Cooking Classes


Cooking Class Monday - Pressure Cookers

Using a pressure cooker offers two benefits. You can use less expensive foods for healthy meals and you can cook them quickly.

I regularly cook dried chickpeas without presoaking in 15 minutes or a turkey stock in 30 minutes of active cooking time. The term active cooking time indicates the prescribed cooking time but you must allow the cooker to cool to room temperature before you can remove the lid. This may take 10 to 15 additional minutes.

A pressure cooker is a specialized heavy aluminum pot with a lid that locks into place and seals tightly. The lid has a rubber gasket to create the seal. The lid has a regulator that maintains the build up of pressure.  Pressure cookers come with either a jiggle top or with a gauge that rises with the pressure.

Under pressure a higher temperature and greater humidity are reached and the food cooks more quickly. Modern pressure cookers have safety features if too much pressure builds up in the pot.

Liquid is required. The pot has measurement lines to indicate half and two thirds full. The pot must not be filled more than two thirds full. Be sure to submerge any solids so you can accurately read the fill level.

Place food and liquid in pot; secure lid and place on high heat. Once pressure has been reached, reduce heat just to maintain pressure. You can judge that the pressure has been reached by the sound the pressure regulator makes. It will have a constant stream of steam. Start your cooking time now. Continue cooking for the prescribed time and then turn off heat. Allow pot to cool naturally until no steam is being released from pressure regulator. Now the lid can be opened safely.

Pressure cookers can be purchased in most home cookware departments. Price varies from $49 to $250. Usually they are made of an aluminum core with a stainless steel outer surface for easy cleaning and attractive appearance. Their aluminum base maintains a more even temperature so the food does not burn on the bottom.

All parts should be hand washed. The rubber gasket should be removed and washed to remove any greasy or sticky residues. Dry thoroughly before placing the lid on for storage.

Foods that take a long time to cook are ideal to prepare in a pressure cooker. This includes the less tender cuts of meats, dried beans and grains, stews and stocks. The active cooking time will vary but usually is between 10 and 45 minutes. Vegetables and other foods that cook in less than 15 minutes are not good candidates. They will turn out soft and mushy.

Turkey Stock
1 turkey carcass
1 onion
1 stalk celery
1 large carrot
1 or 2 bay leaves
Whole spices including black peppercorns, juniper berries, allspice to equal 1 teaspoon 5mL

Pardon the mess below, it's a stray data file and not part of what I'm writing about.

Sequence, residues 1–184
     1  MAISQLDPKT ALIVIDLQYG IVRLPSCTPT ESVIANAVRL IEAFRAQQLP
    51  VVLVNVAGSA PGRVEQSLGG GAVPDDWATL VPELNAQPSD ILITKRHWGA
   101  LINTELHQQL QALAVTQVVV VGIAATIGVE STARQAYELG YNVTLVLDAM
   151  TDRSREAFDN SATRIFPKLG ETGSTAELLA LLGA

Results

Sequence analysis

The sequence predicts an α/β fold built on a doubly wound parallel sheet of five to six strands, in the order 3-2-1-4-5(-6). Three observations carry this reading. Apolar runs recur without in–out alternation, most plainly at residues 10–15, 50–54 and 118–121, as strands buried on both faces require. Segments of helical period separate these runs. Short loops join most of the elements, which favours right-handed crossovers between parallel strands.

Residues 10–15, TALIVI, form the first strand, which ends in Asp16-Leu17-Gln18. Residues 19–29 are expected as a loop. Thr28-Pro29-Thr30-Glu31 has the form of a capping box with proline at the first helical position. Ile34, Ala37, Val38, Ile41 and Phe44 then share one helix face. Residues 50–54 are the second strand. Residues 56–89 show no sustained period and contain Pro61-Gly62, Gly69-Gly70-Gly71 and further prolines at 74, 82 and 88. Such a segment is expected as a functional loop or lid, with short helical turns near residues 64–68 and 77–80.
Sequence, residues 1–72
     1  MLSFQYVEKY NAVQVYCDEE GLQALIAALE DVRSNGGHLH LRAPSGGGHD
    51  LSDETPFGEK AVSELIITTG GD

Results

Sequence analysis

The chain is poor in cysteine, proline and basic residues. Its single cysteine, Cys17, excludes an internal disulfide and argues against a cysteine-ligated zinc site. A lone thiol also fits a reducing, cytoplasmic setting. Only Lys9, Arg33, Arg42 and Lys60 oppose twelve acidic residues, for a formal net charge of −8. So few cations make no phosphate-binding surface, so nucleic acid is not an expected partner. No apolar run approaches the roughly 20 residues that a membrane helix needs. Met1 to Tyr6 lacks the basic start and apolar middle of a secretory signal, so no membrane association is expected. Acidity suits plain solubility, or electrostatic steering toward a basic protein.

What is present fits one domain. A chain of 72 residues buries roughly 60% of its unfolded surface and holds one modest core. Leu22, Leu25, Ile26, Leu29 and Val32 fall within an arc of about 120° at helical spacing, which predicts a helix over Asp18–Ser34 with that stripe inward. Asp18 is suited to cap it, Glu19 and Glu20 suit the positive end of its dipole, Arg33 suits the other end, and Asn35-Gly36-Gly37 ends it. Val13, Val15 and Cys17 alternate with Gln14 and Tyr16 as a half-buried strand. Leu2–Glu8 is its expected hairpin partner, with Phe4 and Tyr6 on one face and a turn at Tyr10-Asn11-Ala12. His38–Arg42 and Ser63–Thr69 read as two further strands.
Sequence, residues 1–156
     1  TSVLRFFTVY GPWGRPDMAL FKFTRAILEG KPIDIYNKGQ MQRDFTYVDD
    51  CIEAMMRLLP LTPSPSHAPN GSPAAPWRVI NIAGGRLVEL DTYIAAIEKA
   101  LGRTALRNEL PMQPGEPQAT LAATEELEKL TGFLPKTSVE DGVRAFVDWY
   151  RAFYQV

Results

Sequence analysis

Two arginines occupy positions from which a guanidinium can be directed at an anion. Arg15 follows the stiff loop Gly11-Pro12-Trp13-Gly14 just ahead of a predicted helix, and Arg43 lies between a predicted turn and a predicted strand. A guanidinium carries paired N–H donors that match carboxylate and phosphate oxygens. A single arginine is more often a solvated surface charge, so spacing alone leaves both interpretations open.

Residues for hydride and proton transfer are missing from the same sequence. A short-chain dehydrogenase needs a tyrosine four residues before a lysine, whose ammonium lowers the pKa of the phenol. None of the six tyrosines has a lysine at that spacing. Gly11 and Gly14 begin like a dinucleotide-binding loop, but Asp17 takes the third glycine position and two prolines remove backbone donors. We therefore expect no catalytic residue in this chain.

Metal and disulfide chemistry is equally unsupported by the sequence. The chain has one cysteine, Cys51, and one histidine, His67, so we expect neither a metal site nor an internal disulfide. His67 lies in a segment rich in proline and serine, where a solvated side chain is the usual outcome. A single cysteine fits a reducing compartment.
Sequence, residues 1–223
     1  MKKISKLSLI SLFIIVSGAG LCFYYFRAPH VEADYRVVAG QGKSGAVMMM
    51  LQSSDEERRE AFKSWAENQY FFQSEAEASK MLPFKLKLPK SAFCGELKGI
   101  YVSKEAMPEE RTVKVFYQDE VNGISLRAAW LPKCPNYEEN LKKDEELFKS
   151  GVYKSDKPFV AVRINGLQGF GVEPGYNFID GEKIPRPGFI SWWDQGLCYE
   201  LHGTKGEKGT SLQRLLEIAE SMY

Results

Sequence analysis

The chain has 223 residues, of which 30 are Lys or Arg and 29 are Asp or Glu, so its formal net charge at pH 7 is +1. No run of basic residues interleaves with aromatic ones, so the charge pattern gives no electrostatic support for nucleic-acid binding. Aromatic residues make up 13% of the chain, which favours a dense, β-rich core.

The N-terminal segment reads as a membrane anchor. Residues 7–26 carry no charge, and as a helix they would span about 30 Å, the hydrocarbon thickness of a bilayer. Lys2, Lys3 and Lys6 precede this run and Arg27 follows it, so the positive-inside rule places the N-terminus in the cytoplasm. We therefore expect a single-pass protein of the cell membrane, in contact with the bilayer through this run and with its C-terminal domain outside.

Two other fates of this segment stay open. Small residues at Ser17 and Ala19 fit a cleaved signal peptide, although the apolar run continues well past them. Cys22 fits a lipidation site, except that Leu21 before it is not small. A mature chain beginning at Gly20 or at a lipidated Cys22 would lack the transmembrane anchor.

Remove all fat and skin from the carcass and discard. Place bones in the pressure cooker. Roughly chop the onion, celery and carrot. Add to pressure cooker. Add whole spices. Fill with cold water to the 1/2 or 2/3 line. Place lid on pot and secure. Place pot on high heat. When the steam regulator allows a steady stream of steam to escape reduce heat just to maintain this level. Cook like this for 30 minutes. Turn off heat and allow the pot to cool naturally until no steam escapes from the regulator. Open.

Strain the solids through a colander over a large bowl. Discard solids. The liquid is the stock and can be used right away, be frozen or pressure canned for future use or pressure canned.

Oxtail Stew Cádiz Style     as shown above
Oxtail is commonly discarded. The gelatin in oxtail creates a silky mouth feel resembling fat but without the calories. The garlic mellows out with the long cooking time so please use the prescribed amount. (Adapted from Tapas the Little Dishes of Spain by Penelope Casas)

2 lbs small oxtail                                                            
1 head garlic, separated and peeled
1 bay leaf
1 whole clove
freshly ground black pepper
1/2 cup dry white wine, optional                                    
1/4 cup canola or olive oil                                                
1 cup water                                                                       
1 cup chicken broth                                                            

Combine all ingredients in your pressure cooker pot. Cook as prescribed in the instructions above for 45 minutes. Turn off heat and let pot cool naturally.

Pour the stew into a strainer. After cooling, pull the meat off the bones and return the broth and meat to the cooking pot. Discard the bay leaf and clove. In a food processor or blender purée the garlic and onion. Beat in about 3/4 cup of the broth gradually, then stir this mixture into the pot. This recipe may be made ahead and reheated. Serves 6 to 8 as an appetizer.


  1. I've always been terrified of pressure cookers... sure I'd do something wrong and "BLOOEY" Now that my dog's canned food has hit $3.75 a can, I am thinking about preparing at least some of her food. They do chicken bones so that they are soft... can the pressure cooker do that???

    Your dish looks just perfect, btw!

  2. My mom had one..the scary one:) Heavy heavy w/ the little knob on top w/ a handle..I am going back 50 yrs..
    I have been thinking of adding one..This is spot on time Sarah..
    Which one do you have? Love the little top..:) and we have those cazuelas:)

  3. I don't use mine nearly often enough.

  4. I was reading my dearly beloved reviews of pressure cookers from the Wall Street Journal a couple of weekends ago. He growled at me, "I like your cooking taking a while. The house smells nice. And you have enough pots. You can't store any more. But buy one if you must." Well, when he put it that way....

    But your creations make it look really tempting, again!

    1. That is so funny. Tell him it is better than a microwave!


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